Waters to Watch

A list assembled by the nation’s leading authorities on aquatic conservation to create cleaner and healthier habitats for the many fish and wilfdlife species and people who call these areas home

So what is Waters to watch and why Should I care?

The 10 Waters to Watch list, assembled by the nation’s leading authorities on aquatic conservation, is a collection of rivers, streams and shores that will be cleaner and healthier habitats for the many fish and wildlife species and people who call these areas home.

Thanks to the combined actions of concerned community groups, non-profit organizations, local watershed groups, Native American tribes and state and federal agencies, these waters are being improved by planting stream-side vegetation, removing structures blocking fish from habitat and protecting bodies of water from the effects of industrial processes, agriculture and livestock.

They are representative of freshwater to marine waters across the country including lakes and reservoirs that are improving through the conservation efforts of the National Fish Habitat Action Plan — a bold initiative to reverse persistent declines in aquatic habitat.

1. Weber River, Utah (2012)

Project Submission by: The Western Native Trout Initiative & The Desert Fish Habitat Partnership

This project was funded to protect native fish species and improve water use efficiency for water companies in the Weber River drainage, Utah. It re-connects 17.5 river miles and allows native Bonneville Cutthroat Trout (Oncorhynchus clarki utah) and Bluehead sucker (Catostomus discobolus) to pass one mainstem diversion and two culvert barriers that had fragmented mainstem and spawning habitats in two tributaries. Both Bluehead sucker and Bonneville Cutthroat Trout have experienced extensive population declines and range contraction. In the Weber River, Bluehead sucker occur in three remaining fragmented reaches with the strongest population in the Weber River confined below the diversion structure. Allowing passage around this diversion provides Bluehead sucker access to canyon habitat. Large fluvial Bonneville Cutthroat Trout have been virtually eliminated from river mainstems rangewide, but still persist within isolated mainstem segments of the Weber River, unable to migrate back to spawning grounds in tributary streams. Each reach in the Weber River supporting these two species has been fragmented by mainstem diversions threatening the population resiliency, genetic diversity and long-term persistence of both species.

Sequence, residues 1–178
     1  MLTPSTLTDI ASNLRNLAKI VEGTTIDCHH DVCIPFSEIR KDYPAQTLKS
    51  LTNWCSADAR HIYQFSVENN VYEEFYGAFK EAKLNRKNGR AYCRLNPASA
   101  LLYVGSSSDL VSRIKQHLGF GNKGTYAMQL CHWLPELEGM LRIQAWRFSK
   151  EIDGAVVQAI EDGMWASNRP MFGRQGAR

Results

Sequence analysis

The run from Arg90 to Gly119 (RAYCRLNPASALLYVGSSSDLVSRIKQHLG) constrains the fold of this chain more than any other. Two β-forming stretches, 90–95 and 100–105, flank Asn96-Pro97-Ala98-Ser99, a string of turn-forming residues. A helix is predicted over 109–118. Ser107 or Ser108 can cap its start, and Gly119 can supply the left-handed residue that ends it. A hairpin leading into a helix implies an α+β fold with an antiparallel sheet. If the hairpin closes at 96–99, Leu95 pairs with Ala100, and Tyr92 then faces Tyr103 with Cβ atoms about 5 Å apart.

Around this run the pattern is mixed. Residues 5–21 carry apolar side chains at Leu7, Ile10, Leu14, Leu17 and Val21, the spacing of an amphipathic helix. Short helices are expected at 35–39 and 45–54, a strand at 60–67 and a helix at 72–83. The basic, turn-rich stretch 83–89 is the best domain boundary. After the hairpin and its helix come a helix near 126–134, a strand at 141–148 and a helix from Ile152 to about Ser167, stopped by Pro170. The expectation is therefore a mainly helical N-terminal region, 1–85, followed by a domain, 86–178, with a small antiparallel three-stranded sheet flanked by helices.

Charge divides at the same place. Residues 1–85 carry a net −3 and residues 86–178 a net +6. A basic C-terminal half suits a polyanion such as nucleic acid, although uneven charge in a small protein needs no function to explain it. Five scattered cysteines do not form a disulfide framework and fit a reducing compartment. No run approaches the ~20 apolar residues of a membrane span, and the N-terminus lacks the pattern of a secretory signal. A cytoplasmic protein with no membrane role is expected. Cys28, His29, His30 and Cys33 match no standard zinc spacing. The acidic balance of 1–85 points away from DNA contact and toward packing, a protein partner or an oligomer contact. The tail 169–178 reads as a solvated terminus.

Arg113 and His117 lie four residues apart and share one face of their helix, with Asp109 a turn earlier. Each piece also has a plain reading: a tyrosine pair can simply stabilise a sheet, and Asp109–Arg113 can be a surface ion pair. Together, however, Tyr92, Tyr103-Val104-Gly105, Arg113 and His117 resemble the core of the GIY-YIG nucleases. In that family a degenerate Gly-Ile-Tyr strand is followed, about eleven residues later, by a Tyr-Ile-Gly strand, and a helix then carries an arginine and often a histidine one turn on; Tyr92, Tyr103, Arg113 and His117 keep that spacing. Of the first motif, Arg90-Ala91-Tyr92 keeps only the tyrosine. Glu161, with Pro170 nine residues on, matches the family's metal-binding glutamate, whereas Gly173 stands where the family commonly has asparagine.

Read More

2. Harpeth River, Tennessee (2012)

Project Submission by: The Southeast Aquatic Resources Partnership

The Harpeth River, one of the most ecologically, culturally, historically, and recreationally significant rivers in Tennessee, drains nearly 900 square miles in Middle Tennessee and flows through one of the fastest growing areas in the country. It is a state designated Scenic River in Davidson County and easily accessible from downtown Nashville.

Read More

3. Table Rock Lake, Missouri (2012)

Project Submission by: The Reservoir Fish Habitat Partnership

Table Rock Lake and Lake Taneycomo are located in the White River Hills region of the Ozark Plateau along the Missouri-Arkansas border. At conservation pool, Table Rock Lake encompasses 43,100 acres with 745 miles of shoreline, and Lake Taneycomo covers just over 2,000 acres. Table Rock Lake is the second largest of five reservoirs in the upper White River drainage basin which covers over 5,000 square miles in both Missouri and Arkansas. The U.S. Army Corps of Engineers estimates the recreational use of the lake at between 40 and 50 million visitor visits annually with the economic value of the fishery estimated at $41 million (1997 estimate). Along with the Branson tourism industry, Table Rock and the other White River impoundments are responsible for hundreds of millions of dollars pumped into the local economies.

Read More

4. Ace Basin, South Carolina

Project Submission by: The Southeast Aquatic Resources Partnership

In South Carolina, shorelines adjacent to the Atlantic Intracoastal Waterway (ACE Basin - Ashepoo, Combahee, and Edisto Rivers are subject to severe erosion due to heavy boat traffic and artificial channelization, which disrupts natural shoreline processes. This erosion destroys or threatens oyster reef and salt marsh habitats. In the project area, South Carolina Department of Natural Resources (SCDNR) has documented 2.25miles of shoreline on the Ashepoo/Rock Creek cut as suffering from severe marsh erosion and in need of protection.

Read More

5. Anchor River, Alaska

Project Submission by: The Kenai Peninsula Fish Habitat Partnership

To improve landscape-scale resilience for salmon in the Anchor River, Cook Inletkeeper, Kachemak Heritage Land Trust, and Kenai Watershed Forum will integrate KBRR and USFWS watershed models and spatially-explicit, remotely-sensed thermal data to help Kachemak Heritage Land Trust determine which parcels with key Chinook and coho salmon habitat are the highest priority for permanent conservation, and work together to create and implement an outreach strategy for public and private landowner contact.